I had two problems. First I had a problem with to loud hum, a 50 or 60 Hz signal usually caused by a ground loop. Then I had a problem with a higher sound, a squeal or squeak for no better explanation, that was definitely disturbing some of the equipment.

I isolated the ground to one of the affected synthesizers and the squeaky sound disappeared. This sound was present in some synthesizers when powered off and in some only when the synthesizer was powered on.

And isolating ground is not a good thing (even illegal here).

The changes I did (described previously) did help with lowering the hum and also the squeak but did not solve the latter to a satisfactory degree. I had to search on.

I did connect and disconnect all equipment one by one, a 150+ cables, and it was a pain.

Finally I tracked the squek down! It was one of the powered USB.hubs (I know I know, I did write this before) running a USB-cable into my motif es rack and from there distributing the squeal via ground to all other equipment.
Remember I use optical ADAT connections from my studio into my computer so I wouldn’t have deal with this kind of things. But much is connected by USB today for easier integration with the DAW.

So I wiggled the USB-hub a bit and noticed the sound changed. Strange. When I disconnected it’s own power the squeal went away! So some circuit in there was spreading this pollution into my system. I have another identical hub that doesn’t have this problem.

So now the noise pollution is finally down to acceptable semi-pro levels. You cannot hear it at a normal studio listening level. And since all digitally connected eqipment isn’t affected by it, it is now solved.

So there, now you have a couple of things to check.
A short list:

  • Faulty cables, these are hard to detect and most often the culprit
  • Connectors not inserted correctly or all the way.
  • Power cables not connected correctly or at different outlets
  • Power cables and audio cables running alongside.
  • Through USB-cables or circuits in the USB hubs

Noise infecting audio cables, part 2 (of 3)

When testing the computer for my “Kosmoskatten” (“Cosmic Cat”) project I was hit by another noise infection. The groundloop was overwhelmingly infecting the output of the SB Live card.

The Kosmoskatten-computer along with my studio computer is connected to one electrical outlet (and so is a lot of other stuff in the lounge like routers and TVs etc) and my mixer and gear along with the computer screens to another.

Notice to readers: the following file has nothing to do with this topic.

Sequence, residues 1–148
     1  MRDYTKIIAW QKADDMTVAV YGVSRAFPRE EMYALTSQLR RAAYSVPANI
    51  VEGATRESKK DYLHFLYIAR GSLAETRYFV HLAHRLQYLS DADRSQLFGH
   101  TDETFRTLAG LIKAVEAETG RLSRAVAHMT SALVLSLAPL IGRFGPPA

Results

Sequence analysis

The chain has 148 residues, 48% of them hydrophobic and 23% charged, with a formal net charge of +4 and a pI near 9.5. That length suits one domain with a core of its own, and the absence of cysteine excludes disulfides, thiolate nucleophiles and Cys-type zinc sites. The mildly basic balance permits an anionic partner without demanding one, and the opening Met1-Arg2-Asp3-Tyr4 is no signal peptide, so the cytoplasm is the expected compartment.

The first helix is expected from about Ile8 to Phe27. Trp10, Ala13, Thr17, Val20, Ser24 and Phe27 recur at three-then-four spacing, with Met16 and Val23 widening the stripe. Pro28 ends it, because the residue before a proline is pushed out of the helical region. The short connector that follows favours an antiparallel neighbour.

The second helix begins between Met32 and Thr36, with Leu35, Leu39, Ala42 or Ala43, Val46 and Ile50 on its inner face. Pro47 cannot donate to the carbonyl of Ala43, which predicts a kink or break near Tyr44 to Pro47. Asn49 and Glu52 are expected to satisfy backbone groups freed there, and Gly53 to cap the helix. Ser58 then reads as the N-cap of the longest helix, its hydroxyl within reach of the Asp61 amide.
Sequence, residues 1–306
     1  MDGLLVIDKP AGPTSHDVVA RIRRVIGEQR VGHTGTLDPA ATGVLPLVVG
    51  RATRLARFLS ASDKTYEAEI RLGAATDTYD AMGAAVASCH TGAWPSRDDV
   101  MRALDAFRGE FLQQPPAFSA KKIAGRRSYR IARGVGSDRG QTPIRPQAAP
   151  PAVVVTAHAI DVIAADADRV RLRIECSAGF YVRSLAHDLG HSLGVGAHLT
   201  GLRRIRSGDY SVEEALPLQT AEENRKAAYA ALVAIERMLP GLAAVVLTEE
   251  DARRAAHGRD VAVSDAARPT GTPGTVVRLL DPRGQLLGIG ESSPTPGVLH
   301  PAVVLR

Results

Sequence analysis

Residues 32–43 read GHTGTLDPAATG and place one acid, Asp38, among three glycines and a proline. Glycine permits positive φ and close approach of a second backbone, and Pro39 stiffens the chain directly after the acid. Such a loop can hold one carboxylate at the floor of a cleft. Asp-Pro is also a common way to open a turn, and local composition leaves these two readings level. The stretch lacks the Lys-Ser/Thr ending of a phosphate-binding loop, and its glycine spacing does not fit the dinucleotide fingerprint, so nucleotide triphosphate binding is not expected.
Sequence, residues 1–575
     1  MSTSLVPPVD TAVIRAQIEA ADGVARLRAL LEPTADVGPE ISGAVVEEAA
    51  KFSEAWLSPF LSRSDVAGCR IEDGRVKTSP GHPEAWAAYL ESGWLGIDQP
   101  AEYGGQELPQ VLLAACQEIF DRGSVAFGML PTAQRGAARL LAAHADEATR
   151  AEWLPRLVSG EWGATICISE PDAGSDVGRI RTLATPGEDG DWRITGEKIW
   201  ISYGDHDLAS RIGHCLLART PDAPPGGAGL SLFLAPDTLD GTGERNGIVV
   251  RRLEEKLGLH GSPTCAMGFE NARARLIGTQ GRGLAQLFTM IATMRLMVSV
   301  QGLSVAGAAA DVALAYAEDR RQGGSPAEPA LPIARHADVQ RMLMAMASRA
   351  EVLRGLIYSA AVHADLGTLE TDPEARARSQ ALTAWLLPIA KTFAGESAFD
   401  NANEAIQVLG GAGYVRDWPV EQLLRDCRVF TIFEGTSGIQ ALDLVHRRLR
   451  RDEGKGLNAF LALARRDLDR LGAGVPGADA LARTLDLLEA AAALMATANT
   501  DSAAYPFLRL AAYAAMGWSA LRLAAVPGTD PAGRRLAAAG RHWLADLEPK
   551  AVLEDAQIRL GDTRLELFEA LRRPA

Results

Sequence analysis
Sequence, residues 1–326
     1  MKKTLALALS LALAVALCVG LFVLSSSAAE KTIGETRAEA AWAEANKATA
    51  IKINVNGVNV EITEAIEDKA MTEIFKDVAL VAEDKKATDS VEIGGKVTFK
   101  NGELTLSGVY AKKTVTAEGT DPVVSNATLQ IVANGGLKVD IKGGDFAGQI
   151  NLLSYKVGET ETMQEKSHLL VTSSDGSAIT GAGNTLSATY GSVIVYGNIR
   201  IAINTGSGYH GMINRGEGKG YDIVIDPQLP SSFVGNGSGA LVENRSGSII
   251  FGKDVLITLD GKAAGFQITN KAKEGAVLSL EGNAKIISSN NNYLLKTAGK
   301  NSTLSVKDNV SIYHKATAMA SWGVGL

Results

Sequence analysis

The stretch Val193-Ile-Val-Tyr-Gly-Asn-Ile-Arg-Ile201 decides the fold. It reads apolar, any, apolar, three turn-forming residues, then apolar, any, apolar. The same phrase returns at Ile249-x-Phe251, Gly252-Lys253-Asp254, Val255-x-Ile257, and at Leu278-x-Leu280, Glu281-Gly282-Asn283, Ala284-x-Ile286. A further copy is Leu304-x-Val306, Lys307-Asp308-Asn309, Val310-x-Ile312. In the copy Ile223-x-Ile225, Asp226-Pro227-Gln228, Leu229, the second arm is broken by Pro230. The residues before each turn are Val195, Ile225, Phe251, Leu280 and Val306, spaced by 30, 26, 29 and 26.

The studio computer and the Kosmoskatten computer is connected via MIDI. And if I remove this midi connection the noise disappears!
But if I put all computers and gear on the same outlet, well then the noise is only about half as strong but when disconnecting MIDI it increases instead. Very weird. It also seems to have something to do with the computer screens because various means to unplug those decreases the noise. But I still cannot see the connection here and the ground loop noise is far too loud.

At least I have my 16 channels of AD/DA connected through fiber so at least I can work safely with those.
Still, the annoying quest continues …

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Sample Libraries, RME TotalMix and a SoundBlaster Digital Output

In my upcoming project, “Kosmoskattens rymdljudsmodul” freely translated as “Cosmic Cat’s Space Sound Module”, I have some soundfonts made by Ian Wilson that I just seem to be able to part with. I’ll post about it later but in short it’s a computer with a SB Live card that is controlled remotely to play these very specific soundfonts built around the EMU circuit.

One problem with these old SB Live cards is that while they do have a digital output (SPDIF), it is fixed at 48 kHz due to the construction of the chip and the poor conversion.
The RME card has no problem with that but I did research my sample libraries and it seems almost all are 44.1 kHz and 16 or 24 bit. All of the NI Battery kits I checked was.
To avoid any degrading conversions (that I may or may not know about) I want to keep my musical projects at 44.1 kHz/24 bit.
Now RME Totalmix does mix different sample rates but when listening I hear a clear degradation when project is 44.1 kHz and the SB Live outputs 48 kHz. So that is a no go.
It seems I’ll have to output an analog signal and route it back into my A/D setup for the best result.
Too bad but it’ll have to do.

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MIDIYoke and Windows 7

So MIDIYoke is a nice MIDI port patcher made back in the olden days. You might have trouble installing it on Windows 7. This is due to the new security features in Windows 7, the so called UAC.
So what you need to do is turn off UAC when installing MIDI Yoke. It goes something like this:
Go to the Control Panel -> System and Security -> Action Center -> and to the left you find the settings for the User Account Control. Set it to minimum and reboot. Install MIDI Yoke. Reboot again and reset the UAC to whatever tickles your fancy. It might be a good idea to have an administrator account while doing this.
Good luck.